Local elected officials and project partners gathered on Thursday at a ribbon-cutting ceremony to celebrate the deployment of the first Type C electric school bus in New York City, run by Logan Bus Co.
As previously reported, the electric school bus is part of a larger repowering project involving a handful of the contractor’s buses. It is a collaborative effort between Logan Bus, Amply Power, and Unique Electric Solutions (UES). The project also features a Charging-as-a-Service support model and vehicle-to-grid (V2G) integration.
The project’s elements offer a scalable solution for electric school bus fleets because of the cost savings advantage of charge management services, repowering existing vehicles, and grid services, according to a news release from Amply Power on the event.
Amply Power handles charging support, and offers Corey Muirhead, Logan Bus Co.’s executive vice president, a real-time view of his electric bus fleet with its Omega platform.
“We recognized the need for a service model that took the technical guesswork out of electrification,” said Vic Shao, CEO of Amply Power, in the news release.
Project partner UES has helped Logan Bus kick off its transition to electric by converting five of its existing Type C diesel buses to electric, starting in 2020.
"School bus fleets want to move towards electric buses; however, the upfront costs can be an obstacle," said Joe Ambrosio, CEO of UES, in the news release. "Fleets like Logan Bus have another option. Repowering their existing vehicles by replacing the old diesel drivetrain with a new electric propulsion system can bring all the benefits of electric power, including reduced operating costs and zero emissions, for a fraction of the price. It's a faster, cheaper, and easier way to get electric buses on the road now.”
Brooklyn Borough President and New York City mayoral candidate Eric Adams was on hand for the ceremony, where attendees watched a demonstration of the new school bus being charged.
Adams said that the new electric school buses involved in the project will help New York City in its efforts to “meet its climate goals and reduce air pollution.”
“I have long supported putting more electric vehicles on the roads, and these kinds of innovative public-private partnerships are critical to scaling up our electric fleet,” he added. “We must couple these deployments with aggressive investments to build an extensive electric vehicle charging network throughout the city, taking advantage of existing city infrastructure.”
“Today’s announcement from Logan Bus builds on New York City’s efforts to make our school bus fleet greener and more sustainable, and I congratulate them on this big step forward,” said Schools Chancellor Meisha Porter. “Our city is leading the way to combat climate change as we work to leave an environment that’s cleaner and healthier for all our children.”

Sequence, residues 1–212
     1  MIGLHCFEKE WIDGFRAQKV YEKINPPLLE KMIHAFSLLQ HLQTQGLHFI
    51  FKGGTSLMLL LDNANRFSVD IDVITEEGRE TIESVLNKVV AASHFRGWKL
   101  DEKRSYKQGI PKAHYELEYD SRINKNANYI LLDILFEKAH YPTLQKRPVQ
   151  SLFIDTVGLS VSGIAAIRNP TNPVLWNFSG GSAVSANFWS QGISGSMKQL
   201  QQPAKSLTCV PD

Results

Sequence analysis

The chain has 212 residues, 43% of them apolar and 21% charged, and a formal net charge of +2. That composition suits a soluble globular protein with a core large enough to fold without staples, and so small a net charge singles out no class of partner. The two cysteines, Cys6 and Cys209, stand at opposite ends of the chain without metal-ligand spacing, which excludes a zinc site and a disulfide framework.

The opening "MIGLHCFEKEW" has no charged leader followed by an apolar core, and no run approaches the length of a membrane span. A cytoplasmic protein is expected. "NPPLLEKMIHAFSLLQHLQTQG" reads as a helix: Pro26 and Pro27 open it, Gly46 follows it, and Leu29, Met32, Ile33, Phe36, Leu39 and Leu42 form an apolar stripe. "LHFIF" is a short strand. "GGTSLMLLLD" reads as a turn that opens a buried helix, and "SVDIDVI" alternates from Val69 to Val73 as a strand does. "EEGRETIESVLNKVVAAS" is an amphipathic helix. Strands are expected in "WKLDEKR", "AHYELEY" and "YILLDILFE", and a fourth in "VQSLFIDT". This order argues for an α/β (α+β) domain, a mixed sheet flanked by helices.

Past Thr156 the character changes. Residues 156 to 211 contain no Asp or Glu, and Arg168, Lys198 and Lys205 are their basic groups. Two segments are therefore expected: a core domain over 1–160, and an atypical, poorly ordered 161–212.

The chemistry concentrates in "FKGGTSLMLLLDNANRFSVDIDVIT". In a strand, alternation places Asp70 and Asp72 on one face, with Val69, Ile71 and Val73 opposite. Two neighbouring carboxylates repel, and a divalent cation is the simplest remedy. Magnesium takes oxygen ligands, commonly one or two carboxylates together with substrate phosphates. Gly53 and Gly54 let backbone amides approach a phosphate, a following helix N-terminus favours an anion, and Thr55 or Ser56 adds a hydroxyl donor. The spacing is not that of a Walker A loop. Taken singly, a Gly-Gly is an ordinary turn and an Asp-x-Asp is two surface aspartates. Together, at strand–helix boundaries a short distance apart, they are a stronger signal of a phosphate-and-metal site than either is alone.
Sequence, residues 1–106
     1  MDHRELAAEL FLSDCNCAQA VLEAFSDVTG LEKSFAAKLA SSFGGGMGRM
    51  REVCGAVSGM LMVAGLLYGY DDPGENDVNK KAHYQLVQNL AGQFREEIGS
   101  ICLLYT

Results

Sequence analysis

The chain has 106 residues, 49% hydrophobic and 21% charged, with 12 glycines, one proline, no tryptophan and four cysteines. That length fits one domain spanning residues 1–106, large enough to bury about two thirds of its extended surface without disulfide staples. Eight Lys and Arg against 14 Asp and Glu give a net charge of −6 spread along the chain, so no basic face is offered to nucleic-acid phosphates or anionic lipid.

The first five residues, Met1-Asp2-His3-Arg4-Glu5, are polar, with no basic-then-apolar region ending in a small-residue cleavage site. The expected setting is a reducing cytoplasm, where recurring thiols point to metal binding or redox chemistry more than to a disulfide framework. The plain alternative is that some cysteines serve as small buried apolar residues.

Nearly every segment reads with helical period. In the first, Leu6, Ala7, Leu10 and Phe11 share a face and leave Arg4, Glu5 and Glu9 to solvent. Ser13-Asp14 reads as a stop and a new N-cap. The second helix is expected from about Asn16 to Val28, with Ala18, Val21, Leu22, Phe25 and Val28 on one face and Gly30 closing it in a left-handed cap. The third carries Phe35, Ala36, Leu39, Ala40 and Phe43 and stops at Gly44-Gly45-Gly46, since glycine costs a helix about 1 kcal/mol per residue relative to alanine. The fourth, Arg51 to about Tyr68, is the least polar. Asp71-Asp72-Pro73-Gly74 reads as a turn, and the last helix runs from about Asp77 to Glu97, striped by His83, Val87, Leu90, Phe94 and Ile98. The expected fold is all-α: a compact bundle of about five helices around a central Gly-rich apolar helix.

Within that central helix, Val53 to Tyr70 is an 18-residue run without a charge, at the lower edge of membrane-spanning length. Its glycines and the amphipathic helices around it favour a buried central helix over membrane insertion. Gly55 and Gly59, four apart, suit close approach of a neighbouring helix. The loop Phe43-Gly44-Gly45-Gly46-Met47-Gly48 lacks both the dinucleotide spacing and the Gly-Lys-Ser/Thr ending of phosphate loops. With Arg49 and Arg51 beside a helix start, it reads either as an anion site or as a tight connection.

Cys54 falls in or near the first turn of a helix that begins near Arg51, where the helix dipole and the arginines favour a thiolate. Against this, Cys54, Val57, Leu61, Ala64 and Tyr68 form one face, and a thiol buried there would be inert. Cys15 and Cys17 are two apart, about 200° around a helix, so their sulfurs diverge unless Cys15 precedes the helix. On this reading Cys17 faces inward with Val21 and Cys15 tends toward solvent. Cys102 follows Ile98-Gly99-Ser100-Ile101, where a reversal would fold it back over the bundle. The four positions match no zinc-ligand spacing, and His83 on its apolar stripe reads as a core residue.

Logan Bus’s fleet of 2,500 school buses provides service for New York City’s Department of Education and is the first company serving the city’s schools to debut an all-electric school bus, Muirhead, who is also the president of the New York School Bus Contractors Association, said in the news release.
“This project is critical to demonstrating the economic feasibility of transitioning to electric vehicles, something our elected officials and parent body have been advocating for,” he added.
Muirhead told School Bus Fleet that Logan Bus’s repowered bus will be put into service for testing over the summer, and students will climb aboard once the 2021-22 school year starts in September.
When asked about the choice to repower versus purchase his fleet’s first electric buses, Muirhead said his goal was to maximize the number of vehicles Logan Bus could electrify in the most cost-effective way. With the help of UES and Amply, Logan secured the funds to do that in the form of a $1 million grant from New York State Energy and Research Development Authority (NYSERDA) for the project.
“We wanted to show NYSERDA we were very serious about the repowers, and that’s why we applied for five buses,” Muirhead explained. “I was able to do five repowers for what would be the cost of one brand-new bus and infrastructure costs. I’m very proud of this.”
Running a large fleet requires, especially given the ambitious federal plans for fleets to go fully electric by 2030, looking into all methods of electrification, he added.
“I feel a combination of new [buses] and repowers can get a fleet there faster,” Muirhead said.
In fact, Logan Bus’s next steps include both more repowering and purchases of new electric school buses, and, Muirhead says, he hopes to eventually have the nation’s first all-electric school bus yard.
Meanwhile, the repowering project’s team will monitor the NYSERDA and the U.S. EPA’s Diesel Emissions Reduction Act grant programs for funding and will work with key stakeholders for more potential financial support.
Originally posted on School Bus Fleet